The Dressing Room


The Dressing Room

A room is nothing but the reflection of the life residing within it. A space assimilates the character of its inhabitant as the present objects are co

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A room is nothing but the reflection of the life residing within it. A space assimilates the character of its inhabitant as the present objects are coloured in his/her essence. Similarly one such space was witnessed at the Saatchi Gallery early this month. The booth 13.1 at the START art fair resonates of dressing rooms in many of our houses, were we dress ourselves or perhaps experience some of our most intimate moments. While present in such a space one’s mind could wander to the many tribulations experienced by Man today, revealing that despite being safely cooped up in the privacy of our own homes several misfortunes and calamities still tend to hover over our heads.


Seattle – Based Artist, Humaira Abid’s The Dressing Room reveals the thoughts of a person that though protected and away from the turmoil of war and uprising, is still apprehensive about life. Abid’s work was presented in the form of an installation by Khaas Gallery in a solo booth at the fair that took place at the prestigious Saatchi Gallery, London, from the 14th to 18th of September. The wood sculptures, essentially replications of everyday objects, were casually strewn about, reproducing the setting of a dressing room. The curated space helped in promoting the idea of how world affairs catch up to us even in the most intimate settings as thoughts of war, suffering and vulnerability loom in the background even when one is carrying out regular mundane tasks of brushing one’s hair or ironing clothes.
As the viewer stands within the booth they experience the spirit of the absent protagonist. The sculptures are more than just inanimate objects – they resonate of the person that they belong to, impersonating a flux of emotions. Objects such as the naturally placed flip flops or the partially open scissors, suggest certain animation alluding to a human presence that has been there or perhaps that will return to the room. It seems as if the artist is commenting on the impermanence of human beings as opposed to that of material things by the physical absence of the character. It talks about how in today’s troubled times our belongings tend to outlive us.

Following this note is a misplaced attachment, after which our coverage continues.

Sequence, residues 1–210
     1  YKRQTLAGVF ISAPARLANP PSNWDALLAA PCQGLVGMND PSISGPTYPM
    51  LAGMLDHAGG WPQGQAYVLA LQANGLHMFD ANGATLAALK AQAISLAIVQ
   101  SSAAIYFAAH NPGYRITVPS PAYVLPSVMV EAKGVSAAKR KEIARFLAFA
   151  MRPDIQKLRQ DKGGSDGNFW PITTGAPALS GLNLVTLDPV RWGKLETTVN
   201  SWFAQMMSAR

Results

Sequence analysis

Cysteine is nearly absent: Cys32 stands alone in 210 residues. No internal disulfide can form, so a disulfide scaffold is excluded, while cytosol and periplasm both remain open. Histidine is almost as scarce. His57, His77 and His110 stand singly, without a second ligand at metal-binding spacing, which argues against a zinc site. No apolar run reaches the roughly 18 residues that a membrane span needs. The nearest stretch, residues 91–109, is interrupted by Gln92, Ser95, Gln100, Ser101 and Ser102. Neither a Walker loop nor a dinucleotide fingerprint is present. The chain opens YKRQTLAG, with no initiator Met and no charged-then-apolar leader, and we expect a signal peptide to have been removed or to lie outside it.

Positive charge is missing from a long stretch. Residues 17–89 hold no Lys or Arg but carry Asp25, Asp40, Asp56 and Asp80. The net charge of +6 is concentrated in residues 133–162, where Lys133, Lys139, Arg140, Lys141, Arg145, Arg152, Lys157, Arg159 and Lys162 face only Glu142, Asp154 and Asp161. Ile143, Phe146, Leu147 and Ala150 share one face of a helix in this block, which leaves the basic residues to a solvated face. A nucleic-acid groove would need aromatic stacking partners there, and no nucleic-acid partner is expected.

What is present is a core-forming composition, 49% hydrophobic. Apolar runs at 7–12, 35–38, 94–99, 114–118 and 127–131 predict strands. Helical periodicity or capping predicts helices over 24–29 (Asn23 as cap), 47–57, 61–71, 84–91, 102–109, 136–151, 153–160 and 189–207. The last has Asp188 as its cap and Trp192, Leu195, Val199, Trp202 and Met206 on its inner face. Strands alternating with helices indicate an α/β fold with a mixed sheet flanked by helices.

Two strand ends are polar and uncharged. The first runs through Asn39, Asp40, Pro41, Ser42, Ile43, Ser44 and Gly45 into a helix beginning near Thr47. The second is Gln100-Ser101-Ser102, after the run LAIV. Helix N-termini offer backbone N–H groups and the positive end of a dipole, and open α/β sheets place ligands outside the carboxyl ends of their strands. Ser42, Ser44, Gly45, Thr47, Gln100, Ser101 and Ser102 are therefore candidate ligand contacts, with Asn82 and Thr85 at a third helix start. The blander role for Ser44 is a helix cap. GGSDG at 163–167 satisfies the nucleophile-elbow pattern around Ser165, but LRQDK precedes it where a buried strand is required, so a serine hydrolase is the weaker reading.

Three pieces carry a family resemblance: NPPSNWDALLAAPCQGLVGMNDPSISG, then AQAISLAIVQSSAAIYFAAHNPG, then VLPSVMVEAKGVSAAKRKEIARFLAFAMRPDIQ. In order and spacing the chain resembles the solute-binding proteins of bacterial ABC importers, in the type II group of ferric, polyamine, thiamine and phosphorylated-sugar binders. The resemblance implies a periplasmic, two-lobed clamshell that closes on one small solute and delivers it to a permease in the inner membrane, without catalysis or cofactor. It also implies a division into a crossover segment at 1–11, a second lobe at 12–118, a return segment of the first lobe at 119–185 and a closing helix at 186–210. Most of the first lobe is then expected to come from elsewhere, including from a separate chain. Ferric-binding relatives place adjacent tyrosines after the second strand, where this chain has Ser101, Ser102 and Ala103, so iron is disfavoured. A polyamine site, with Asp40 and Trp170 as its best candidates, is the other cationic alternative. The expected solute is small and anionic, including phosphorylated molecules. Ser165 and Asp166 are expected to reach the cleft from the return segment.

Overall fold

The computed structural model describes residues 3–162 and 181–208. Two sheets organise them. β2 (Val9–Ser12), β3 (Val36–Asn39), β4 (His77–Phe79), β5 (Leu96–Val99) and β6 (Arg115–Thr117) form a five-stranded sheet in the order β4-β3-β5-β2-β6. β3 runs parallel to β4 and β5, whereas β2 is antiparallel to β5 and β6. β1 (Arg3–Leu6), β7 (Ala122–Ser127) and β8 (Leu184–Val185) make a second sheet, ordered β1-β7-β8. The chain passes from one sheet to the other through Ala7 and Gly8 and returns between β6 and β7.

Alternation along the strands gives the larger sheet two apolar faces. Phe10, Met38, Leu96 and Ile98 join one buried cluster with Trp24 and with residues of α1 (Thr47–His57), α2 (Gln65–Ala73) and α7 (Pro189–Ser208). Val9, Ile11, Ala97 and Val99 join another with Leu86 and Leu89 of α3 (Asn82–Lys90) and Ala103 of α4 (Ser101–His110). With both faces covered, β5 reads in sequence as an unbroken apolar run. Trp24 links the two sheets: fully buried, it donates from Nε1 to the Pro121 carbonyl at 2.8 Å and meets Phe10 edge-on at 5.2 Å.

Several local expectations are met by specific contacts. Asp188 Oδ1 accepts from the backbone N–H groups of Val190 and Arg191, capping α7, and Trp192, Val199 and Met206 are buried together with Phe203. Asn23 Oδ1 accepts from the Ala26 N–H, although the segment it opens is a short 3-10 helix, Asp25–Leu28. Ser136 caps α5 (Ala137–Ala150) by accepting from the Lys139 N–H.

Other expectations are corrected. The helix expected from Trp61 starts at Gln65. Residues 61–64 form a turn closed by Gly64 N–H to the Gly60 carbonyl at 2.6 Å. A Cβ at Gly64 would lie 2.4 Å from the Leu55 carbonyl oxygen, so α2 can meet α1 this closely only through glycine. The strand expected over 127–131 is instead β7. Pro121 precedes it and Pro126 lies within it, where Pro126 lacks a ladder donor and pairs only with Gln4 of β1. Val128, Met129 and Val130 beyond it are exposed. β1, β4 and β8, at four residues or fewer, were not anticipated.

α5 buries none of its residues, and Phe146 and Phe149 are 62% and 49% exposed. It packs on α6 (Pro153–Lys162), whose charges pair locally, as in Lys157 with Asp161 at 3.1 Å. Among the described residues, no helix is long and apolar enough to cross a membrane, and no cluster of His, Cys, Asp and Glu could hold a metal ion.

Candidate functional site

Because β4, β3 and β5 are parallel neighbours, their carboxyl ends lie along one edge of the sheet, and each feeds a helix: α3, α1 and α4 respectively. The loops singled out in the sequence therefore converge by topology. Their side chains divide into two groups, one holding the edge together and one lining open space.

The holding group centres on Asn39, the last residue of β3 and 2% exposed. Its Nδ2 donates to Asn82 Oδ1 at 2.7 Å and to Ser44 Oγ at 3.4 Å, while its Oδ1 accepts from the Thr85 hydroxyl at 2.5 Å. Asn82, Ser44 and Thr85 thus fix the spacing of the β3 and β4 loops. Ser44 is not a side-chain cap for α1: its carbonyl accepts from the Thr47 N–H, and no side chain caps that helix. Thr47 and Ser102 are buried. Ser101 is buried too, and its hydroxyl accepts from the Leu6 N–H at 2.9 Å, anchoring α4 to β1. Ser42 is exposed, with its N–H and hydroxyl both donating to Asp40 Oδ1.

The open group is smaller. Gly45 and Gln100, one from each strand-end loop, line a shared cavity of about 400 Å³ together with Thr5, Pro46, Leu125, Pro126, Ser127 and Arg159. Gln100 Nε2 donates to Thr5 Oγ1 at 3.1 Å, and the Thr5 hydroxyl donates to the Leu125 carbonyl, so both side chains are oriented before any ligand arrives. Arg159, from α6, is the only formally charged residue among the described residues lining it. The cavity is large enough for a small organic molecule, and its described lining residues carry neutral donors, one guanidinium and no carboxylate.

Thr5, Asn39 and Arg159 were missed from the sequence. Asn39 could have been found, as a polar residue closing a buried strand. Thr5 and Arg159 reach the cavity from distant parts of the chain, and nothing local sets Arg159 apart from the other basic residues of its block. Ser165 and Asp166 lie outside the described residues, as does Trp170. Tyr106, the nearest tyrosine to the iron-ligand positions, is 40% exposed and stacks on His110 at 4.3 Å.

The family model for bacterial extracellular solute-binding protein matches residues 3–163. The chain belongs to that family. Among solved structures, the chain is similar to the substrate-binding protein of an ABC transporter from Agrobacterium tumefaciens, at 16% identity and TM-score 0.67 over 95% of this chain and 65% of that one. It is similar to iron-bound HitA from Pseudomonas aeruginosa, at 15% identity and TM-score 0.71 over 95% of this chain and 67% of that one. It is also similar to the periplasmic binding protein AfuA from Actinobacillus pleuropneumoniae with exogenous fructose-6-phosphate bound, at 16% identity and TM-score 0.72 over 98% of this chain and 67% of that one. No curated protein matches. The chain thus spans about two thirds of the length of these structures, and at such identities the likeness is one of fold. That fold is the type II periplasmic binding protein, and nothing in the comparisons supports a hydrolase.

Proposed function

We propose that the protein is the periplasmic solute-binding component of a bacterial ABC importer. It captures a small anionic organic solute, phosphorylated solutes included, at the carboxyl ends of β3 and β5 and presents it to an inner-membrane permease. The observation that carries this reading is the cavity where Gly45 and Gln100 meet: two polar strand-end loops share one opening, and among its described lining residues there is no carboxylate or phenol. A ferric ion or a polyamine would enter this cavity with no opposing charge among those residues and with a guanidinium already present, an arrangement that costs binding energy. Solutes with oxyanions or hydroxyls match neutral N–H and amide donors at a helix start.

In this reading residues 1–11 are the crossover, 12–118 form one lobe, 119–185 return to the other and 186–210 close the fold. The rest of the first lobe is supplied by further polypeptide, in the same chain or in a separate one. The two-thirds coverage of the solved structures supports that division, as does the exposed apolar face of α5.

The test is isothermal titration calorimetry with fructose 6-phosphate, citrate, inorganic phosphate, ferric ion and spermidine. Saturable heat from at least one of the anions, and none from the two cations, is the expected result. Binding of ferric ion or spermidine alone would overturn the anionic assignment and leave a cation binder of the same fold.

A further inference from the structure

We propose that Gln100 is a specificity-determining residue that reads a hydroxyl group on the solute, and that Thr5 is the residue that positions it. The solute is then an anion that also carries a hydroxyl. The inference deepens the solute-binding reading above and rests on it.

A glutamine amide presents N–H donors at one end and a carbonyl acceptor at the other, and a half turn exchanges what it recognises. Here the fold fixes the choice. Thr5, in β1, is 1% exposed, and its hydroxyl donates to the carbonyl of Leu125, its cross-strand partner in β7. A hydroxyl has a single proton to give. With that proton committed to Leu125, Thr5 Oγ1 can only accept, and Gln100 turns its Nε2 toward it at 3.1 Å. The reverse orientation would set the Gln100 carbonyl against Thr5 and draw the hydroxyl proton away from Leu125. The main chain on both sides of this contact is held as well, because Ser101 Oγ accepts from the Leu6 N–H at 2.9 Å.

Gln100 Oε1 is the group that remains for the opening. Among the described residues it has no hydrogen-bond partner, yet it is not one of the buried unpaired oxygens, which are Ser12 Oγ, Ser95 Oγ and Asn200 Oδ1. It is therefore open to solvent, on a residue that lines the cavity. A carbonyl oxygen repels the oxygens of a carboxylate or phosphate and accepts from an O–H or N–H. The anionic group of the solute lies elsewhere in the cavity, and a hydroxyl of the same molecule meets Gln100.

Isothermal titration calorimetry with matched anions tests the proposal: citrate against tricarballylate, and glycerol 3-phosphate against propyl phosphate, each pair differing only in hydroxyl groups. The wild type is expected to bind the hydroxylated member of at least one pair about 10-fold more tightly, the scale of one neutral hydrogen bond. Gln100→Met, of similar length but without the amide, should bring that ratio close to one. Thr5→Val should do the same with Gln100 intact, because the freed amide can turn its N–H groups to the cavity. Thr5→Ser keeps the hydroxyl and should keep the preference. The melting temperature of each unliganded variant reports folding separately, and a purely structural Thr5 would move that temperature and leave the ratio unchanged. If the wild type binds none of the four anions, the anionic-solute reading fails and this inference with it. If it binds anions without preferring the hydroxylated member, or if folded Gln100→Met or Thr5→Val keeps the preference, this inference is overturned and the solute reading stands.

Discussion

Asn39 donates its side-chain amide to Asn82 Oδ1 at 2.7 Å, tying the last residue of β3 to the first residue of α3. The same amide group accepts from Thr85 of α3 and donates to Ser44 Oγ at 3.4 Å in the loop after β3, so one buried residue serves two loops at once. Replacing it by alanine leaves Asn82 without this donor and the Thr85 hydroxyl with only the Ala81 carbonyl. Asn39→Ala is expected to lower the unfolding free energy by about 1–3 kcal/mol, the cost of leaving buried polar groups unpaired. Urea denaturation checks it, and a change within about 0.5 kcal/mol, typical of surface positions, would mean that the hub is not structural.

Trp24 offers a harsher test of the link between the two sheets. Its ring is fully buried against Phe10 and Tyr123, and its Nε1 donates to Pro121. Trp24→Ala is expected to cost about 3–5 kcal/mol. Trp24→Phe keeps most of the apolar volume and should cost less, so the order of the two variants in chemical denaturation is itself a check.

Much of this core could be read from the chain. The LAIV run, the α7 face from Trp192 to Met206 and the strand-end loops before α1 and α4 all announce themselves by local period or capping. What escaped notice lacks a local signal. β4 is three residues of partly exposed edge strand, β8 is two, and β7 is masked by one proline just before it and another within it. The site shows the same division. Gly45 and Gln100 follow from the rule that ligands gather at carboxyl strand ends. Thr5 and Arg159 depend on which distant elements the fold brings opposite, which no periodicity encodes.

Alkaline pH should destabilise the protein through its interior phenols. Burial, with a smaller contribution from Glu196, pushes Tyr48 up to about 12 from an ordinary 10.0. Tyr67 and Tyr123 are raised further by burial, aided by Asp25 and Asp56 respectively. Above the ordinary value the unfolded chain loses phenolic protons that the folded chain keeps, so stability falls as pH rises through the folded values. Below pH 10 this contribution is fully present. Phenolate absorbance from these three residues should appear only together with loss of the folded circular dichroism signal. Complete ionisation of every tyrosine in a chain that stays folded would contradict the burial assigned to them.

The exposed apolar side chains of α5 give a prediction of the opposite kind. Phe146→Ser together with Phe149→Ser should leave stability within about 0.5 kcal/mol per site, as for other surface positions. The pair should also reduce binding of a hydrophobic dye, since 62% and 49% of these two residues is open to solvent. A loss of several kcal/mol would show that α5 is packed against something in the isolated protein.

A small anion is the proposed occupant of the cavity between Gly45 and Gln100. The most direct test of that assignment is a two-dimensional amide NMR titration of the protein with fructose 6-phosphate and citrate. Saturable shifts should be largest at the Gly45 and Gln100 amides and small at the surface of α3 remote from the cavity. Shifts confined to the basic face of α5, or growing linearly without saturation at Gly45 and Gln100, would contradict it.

Abid’s work is made up of multiple layers- the more you explore the more is revealed. The work cannot be categorized as war, affliction, motherhood and impermanence of human life are amongst the few topics she touches upon. Thus, the artist talks about numerous issues – relatable problems that many of us experience every day or are aware of at least at a superficial level. Abid discusses these ideas in the form of a personal narrative, adding authenticity and more power to the message, rendering it more effective than a simple generalization. The artworks are open to interpretation as the red stain on the garments can be interpreted either as violence or even miscarriage. Thus, the viewer is allowed to pick his own meaning, according to their own understanding or experiences.
The artist integrates two different disciplines in her work – Miniature and Sculpture. Abid picks up two labour intensive techniques and implements them so skillfully that it makes one question the arduousness of the task. The large sizes of the sculptures do not cause a hindrance to Abid’s immaculate attention to detail. The artist carves every part of the wooden sculptures with precision down to the wheels of the suitcase that aren’t even clearly visible to the audience. Once the viewer gets past the life like nature of the objects the curiosity about the material used kicks in. One is left in awe of the artist’s ability to replicate any texture or surface in wood.
The sculptures generate conflicting moods. The balloons installed are playful and charming where as they are rivaled by Abid’s blood stained luggage, stirring up disgust and sorrow. Her sculptures embody a feeling of uncertainty, pain, fear or even curiosity. The colour Red that has always been essential in Abid’s practice incites ideas of violence and bloodshed and at the same time that of love or lust.
And I Seeking for Equality in Love placed against the stark white walls of the gallery stood out from the rest. Abid’s ability to transform wood, a hard and rigid surface into the texture of a silk tie and brasserie is worth admiring. Furthermore, Wish I Could Touch the Sky, though out of tune with the rest of the theme, was also quite an alluring sight as it further shows the artist’s capability to transform a stiff material into a fragile and smooth surface vulnerable to a tiny pin.
Abid’s sculptures do not ease the viewer into the idea at hand. Her sculptures are as ominous and disturbing as the topics themselves. The artist does not hold back when it comes to creating violent imagery. The audience though possibly not comfortable with open pronouncements on such matters, cannot help but admire the artist for her bravado. The beauty of the artwork is its ability to emerge as something spectacular and appealing despite its ominous nature. The red stains on the underwear with ants crawling all over won’t be described as a sight worth looking at, but Abid’s My Shame III instantly grips the viewer who is stunned by the life like quality of the garment.
The show gives the viewer an opportunity to experience both 2D and 3D artworks as the artist explores the different ways in which the subject can be discussed. The show reveals how in order to create the eerie feeling one does not have to dim the light or make use of spotlights. To truly stay true to reality one has to convey his/her message in broad daylight, close to natural settings.


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